"I was a player first and I will always hold the importance of the game above all however the transition between junior to senior basketball that our players are typically going through usually requires an increase in strength, power and speed amongst other qualities to be able to be successful on the court. The additional S&C sessions provided definitely helps facilitate this transition. In my mind, it is a big part of keeping them fit and healthy, on the court and not on the side-line but this doesn’t always act as the best motivator to the athlete. Sometimes they just want to get a good pump but I can use this motivation to make us both happy."

Myerscough student-athletes have a rigorous schedule - games, lessons, practice, strength and conditioning, etc. ... How can they lead a balanced lifestyle yet maximise their training?

"Sleep! Sleep is by far the most important supplement to training in my experience. For recovery and to be ready for the upcoming sessions. Finding a way to prioritise getting enough sleep is crucial to make the most of training at Myerscough."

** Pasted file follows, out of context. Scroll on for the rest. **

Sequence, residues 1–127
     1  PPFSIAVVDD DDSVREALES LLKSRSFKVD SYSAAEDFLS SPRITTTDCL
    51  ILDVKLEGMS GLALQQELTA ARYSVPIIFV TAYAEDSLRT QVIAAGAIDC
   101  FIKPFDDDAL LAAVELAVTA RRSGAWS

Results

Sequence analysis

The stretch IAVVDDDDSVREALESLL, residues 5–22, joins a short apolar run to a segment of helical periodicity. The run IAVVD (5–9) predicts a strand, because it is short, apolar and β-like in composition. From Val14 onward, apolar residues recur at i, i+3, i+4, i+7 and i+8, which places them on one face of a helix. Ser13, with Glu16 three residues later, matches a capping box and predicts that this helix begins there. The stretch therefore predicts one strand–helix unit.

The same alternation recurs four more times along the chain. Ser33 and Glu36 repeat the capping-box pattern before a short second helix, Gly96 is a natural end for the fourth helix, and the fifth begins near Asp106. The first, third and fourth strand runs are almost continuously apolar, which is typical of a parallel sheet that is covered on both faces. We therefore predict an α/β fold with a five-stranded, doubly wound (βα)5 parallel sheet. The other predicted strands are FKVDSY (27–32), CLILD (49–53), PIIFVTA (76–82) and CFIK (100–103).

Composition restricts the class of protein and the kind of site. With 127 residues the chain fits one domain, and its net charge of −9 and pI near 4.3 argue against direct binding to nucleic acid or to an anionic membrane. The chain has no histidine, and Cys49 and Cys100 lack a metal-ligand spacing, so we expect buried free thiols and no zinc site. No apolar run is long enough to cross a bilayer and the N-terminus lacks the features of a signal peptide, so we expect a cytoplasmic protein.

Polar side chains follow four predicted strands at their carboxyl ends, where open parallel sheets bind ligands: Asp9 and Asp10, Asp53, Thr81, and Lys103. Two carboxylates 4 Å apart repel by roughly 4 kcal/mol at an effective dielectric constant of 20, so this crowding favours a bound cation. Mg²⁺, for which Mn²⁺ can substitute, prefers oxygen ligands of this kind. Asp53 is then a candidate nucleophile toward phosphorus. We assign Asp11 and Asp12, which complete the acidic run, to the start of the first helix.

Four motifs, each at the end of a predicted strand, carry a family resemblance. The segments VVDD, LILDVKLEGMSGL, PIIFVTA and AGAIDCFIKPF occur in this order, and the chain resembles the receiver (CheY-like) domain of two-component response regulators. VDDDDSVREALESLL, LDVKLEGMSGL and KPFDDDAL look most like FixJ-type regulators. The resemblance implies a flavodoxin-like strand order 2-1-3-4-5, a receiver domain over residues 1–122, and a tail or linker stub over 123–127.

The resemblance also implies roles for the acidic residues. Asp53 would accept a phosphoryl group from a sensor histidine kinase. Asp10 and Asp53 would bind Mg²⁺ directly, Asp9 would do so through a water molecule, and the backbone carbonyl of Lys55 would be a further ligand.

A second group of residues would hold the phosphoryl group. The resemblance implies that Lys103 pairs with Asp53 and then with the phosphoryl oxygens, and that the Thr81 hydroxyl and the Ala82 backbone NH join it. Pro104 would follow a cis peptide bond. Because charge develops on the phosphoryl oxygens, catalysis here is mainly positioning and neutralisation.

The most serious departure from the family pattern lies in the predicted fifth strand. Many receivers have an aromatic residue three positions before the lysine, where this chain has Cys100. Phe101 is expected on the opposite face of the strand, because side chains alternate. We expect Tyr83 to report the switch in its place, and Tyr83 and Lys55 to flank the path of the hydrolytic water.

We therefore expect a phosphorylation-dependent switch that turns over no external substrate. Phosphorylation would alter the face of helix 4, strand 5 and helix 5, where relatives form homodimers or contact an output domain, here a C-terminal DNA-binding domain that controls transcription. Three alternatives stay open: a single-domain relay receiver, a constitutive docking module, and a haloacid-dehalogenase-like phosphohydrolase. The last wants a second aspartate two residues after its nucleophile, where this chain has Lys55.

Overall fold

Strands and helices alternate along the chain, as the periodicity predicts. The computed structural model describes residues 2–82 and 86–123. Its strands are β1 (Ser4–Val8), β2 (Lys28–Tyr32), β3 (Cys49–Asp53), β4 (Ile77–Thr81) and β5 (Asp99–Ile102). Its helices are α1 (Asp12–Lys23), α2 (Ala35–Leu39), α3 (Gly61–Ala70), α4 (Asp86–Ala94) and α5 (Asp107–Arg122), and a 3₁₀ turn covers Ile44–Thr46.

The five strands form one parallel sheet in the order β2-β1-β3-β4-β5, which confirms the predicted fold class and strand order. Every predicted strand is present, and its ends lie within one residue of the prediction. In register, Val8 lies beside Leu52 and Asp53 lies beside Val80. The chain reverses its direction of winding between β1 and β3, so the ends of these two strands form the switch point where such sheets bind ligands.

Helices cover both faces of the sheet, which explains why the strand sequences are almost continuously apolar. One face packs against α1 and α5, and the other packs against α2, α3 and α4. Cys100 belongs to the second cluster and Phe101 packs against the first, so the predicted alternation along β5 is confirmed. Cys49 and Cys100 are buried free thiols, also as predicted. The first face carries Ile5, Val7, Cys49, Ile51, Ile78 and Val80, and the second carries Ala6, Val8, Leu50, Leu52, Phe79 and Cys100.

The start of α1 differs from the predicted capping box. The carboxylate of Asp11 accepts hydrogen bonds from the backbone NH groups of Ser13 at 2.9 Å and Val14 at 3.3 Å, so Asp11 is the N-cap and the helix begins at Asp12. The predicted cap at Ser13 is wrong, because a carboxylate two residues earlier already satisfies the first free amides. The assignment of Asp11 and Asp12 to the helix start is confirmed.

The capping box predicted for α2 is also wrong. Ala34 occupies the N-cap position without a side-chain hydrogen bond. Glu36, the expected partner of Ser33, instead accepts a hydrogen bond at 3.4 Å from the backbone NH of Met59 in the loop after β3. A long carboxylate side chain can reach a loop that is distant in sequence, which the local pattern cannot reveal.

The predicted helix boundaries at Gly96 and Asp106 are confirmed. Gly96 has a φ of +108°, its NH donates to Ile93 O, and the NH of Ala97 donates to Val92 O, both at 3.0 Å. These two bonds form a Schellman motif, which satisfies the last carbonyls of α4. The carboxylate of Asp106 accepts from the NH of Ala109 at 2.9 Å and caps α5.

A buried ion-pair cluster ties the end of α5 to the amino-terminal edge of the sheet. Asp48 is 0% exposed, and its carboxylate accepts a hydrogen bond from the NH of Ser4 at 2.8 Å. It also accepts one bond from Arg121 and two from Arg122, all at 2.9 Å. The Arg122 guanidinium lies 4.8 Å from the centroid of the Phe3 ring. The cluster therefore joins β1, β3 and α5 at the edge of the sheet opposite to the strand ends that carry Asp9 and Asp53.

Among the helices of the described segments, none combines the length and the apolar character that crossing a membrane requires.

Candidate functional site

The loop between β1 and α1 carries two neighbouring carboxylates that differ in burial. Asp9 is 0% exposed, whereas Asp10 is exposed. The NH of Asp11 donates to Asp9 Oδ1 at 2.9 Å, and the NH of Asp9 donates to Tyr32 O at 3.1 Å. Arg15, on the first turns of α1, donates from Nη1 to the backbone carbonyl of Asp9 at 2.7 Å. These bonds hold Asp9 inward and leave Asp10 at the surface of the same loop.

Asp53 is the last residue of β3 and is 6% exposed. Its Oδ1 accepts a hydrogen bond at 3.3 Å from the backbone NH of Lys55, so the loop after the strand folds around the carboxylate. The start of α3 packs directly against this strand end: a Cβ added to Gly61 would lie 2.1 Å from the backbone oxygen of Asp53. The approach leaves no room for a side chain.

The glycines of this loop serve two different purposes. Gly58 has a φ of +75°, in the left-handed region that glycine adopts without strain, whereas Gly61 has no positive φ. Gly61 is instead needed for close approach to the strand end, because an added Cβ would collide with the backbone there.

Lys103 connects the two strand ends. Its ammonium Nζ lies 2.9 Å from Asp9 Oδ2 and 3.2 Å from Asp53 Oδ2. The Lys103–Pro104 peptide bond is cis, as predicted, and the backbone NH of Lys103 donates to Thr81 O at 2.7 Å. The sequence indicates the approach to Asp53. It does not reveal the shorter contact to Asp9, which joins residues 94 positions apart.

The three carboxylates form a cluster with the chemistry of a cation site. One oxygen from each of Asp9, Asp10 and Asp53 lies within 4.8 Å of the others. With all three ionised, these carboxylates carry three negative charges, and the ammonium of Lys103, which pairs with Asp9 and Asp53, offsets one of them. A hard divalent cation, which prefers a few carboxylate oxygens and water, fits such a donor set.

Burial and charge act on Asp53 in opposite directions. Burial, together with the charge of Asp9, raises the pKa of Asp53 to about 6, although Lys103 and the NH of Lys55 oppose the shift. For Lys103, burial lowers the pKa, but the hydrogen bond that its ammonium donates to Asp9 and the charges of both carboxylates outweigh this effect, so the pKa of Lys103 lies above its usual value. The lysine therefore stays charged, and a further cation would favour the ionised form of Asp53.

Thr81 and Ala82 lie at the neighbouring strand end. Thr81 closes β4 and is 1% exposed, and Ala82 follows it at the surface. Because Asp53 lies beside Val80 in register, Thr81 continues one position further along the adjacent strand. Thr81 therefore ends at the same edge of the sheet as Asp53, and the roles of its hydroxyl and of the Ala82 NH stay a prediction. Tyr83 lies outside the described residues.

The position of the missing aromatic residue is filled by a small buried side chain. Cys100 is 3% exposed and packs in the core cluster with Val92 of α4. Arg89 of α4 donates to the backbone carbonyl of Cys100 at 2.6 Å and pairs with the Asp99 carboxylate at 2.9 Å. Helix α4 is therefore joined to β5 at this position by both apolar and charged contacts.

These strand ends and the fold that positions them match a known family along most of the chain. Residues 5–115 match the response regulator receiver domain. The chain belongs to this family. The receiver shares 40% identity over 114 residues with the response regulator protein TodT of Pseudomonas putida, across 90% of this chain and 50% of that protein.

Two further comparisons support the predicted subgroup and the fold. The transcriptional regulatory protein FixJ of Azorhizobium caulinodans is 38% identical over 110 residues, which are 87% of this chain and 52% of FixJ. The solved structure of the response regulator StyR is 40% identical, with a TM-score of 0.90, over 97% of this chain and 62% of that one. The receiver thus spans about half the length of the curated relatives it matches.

You’ve spoke about handling the loaded schedule the Academy presents. How do your off-season work outs vary from in-season when athletes should be at peak condition already?

"My main goal is long term athlete development rather than peaking for competition, so our off season is a time we can actually ramp up some of the training protocols. As the players are spending less time on court it gives me greater opportunity for some higher intensity training."